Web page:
Society Reunites Portraits Of Prominent Couple

  *Photos/Huntington Historical Society  The portraits of prominent Huntington couple Henry and Mabel Stimson have been reunited after 60 years apart and now hang at the Huntington Historical Society.

*Photos/Huntington Historical Society
The portraits of prominent Huntington couple Henry and Mabel Stimson have been reunited after 60 years apart and now hang at the Huntington Historical Society.

By Janee Law

Huntington Historical Society has reunited the portrait of Henry Lewis Stimson with the portrait of his wife Mabel White Stimson, more than 60 years after they were first separated.

Henry Stimson had a prominent role in government serving as a cabinet member to two presidents during the early years of the 20th century. He was secretary of war under President William Howard Taft and secretary of state under presidents Herbert Hoover and Franklin Delano Roosevelt. He is the namesake for South Huntington’s Henry L. Stimson Middle School on Oakwood Road.

American artist Leopold Seyffert painted the couple a few years apart; Mabel’s was painted in 1915 and Henry’s in 1917. The two portraits hung in the couple’s summer estate, “Highhold,” in West Hills, today the site of West Hills Day Camp.

“They’re a very famous couple who that lived in Huntington for decades and we’re proud of that fact,” Robert “Toby” Kissam, board treasurer of the Huntington Historical Society, said.

The couple’s home was built in 1903, Kissam added, and torn down in the1950s.

The portraits were first separated following Henry’s death in 1950. His was donated to the Historical Society in 1954, but Mabel’s portrait descended in her family.

Now, the portraits have been reunited. Members of the Historical Society purchased Mabel’s portrait in June at the Swann Auction Galleries in Manhattan. Kissam said the society paid more than $3,500 to acquire the portrait.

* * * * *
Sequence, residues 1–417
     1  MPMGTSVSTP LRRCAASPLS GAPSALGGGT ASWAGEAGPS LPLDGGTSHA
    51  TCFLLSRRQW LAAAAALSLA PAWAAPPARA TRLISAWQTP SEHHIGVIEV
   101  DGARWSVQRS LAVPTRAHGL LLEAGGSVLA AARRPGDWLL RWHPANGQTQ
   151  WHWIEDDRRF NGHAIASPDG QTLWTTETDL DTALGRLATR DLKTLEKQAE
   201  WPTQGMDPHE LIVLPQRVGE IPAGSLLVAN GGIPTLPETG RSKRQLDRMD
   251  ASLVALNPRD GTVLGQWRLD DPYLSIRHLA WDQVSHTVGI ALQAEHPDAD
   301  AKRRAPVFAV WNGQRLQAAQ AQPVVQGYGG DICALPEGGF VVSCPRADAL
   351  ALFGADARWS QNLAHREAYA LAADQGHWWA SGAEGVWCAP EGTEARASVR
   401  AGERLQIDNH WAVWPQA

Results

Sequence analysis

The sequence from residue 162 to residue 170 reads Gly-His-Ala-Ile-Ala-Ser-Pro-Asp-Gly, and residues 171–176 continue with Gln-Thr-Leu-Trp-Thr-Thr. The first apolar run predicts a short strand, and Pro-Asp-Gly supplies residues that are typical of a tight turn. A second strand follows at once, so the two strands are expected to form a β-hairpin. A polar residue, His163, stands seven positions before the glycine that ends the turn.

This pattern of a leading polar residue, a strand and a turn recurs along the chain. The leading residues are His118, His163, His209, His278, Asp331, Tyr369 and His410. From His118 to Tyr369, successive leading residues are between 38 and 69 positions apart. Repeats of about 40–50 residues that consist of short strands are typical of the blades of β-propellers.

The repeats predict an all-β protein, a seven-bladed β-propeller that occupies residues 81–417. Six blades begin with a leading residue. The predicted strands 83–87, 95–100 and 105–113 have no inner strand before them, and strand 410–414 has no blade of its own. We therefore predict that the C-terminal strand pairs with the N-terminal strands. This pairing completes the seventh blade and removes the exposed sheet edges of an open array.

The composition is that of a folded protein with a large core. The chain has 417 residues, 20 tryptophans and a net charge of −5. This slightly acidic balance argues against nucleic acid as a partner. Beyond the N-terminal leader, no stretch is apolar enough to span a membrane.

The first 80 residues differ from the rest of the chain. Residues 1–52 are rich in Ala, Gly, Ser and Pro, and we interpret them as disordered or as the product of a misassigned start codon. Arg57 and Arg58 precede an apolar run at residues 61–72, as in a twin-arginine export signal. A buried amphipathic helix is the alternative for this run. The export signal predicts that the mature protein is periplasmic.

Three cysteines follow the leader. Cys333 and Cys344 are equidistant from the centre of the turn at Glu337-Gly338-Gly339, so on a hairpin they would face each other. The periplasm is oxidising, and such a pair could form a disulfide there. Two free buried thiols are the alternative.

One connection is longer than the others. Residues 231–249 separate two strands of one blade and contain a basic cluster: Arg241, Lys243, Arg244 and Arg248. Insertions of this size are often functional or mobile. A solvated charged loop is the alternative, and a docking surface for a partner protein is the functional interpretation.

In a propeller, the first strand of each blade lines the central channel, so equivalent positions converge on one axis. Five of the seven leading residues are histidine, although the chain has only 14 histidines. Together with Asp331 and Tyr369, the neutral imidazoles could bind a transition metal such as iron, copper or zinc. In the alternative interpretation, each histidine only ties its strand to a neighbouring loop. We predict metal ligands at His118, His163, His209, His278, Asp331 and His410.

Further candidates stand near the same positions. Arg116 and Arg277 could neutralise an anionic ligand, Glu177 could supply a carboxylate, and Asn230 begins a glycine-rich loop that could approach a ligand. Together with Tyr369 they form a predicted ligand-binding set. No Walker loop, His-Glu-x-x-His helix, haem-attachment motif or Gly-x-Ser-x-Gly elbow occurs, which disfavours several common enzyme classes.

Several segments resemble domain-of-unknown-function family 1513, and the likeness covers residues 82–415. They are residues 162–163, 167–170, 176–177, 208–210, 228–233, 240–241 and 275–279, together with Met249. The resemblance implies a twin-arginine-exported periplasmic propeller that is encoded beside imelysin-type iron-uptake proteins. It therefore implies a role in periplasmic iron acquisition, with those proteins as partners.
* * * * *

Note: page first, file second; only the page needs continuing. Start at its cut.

“It’s nice to have the couple together,” Kissam said. “The fact that they were hanging for 50 years in Huntington and now they’re back together after being apart for over 60 years is amazing.”

Henry Lewis Stimson was born in New York City in 1867 and graduated from Yale University in 1888. After two years at Harvard Law School, Henry was admitted to the New York Bar and joined a prestigious law firm.

Former President Theodore Roosevelt named Henry U.S. Attorney for the Southern District of New York in 1906. Henry ran for governor of New York in 1910. He did not win, but he was tapped by former president William Howard Taft to serve in his cabinet. He served as secretary of war from 1911 to 1912. Henry also served in World War I at 49 years old and then went into private practice after the war.

He was called back into government service by President Calvin Coolidge who appointed him governor general of the Philippines. He later became secretary of state under President Herbert Hoover. After Hoover lost to Franklin Delano Roosevelt in 1932, Stimson returned to the private sector.

But itwasn’t long before he was again pressed into service. When he was 73 years old, he again became secretary of war under Roosevelt, , a position he held until the end of World War II. In addition, he became the senior advisor to Roosevelt and Truman on the military employment of atomic energy and assisted in the decision that led Truman to drop the atomic bomb.

When he wasn’t grappling with such grave issues in the nation’s capitol, Stimson enjoyed time in West Hills. Henry and Mabel were known for entertaining Huntington residents at their estate with elaborate sporting events held on Thanksgiving and Columbus Day.

The Nov. 28, 1913 issue of The Long Islander reported that the Stimsons hosted more than 300 guests during what was “known as Thanksgiving Day Sports at Highhold.”

The two portraits in their matching frames and now hang together in the Watson Scholars Rooms at the Huntington Historical Society’s newly expanded headquarters at 209 Main Street in Huntington.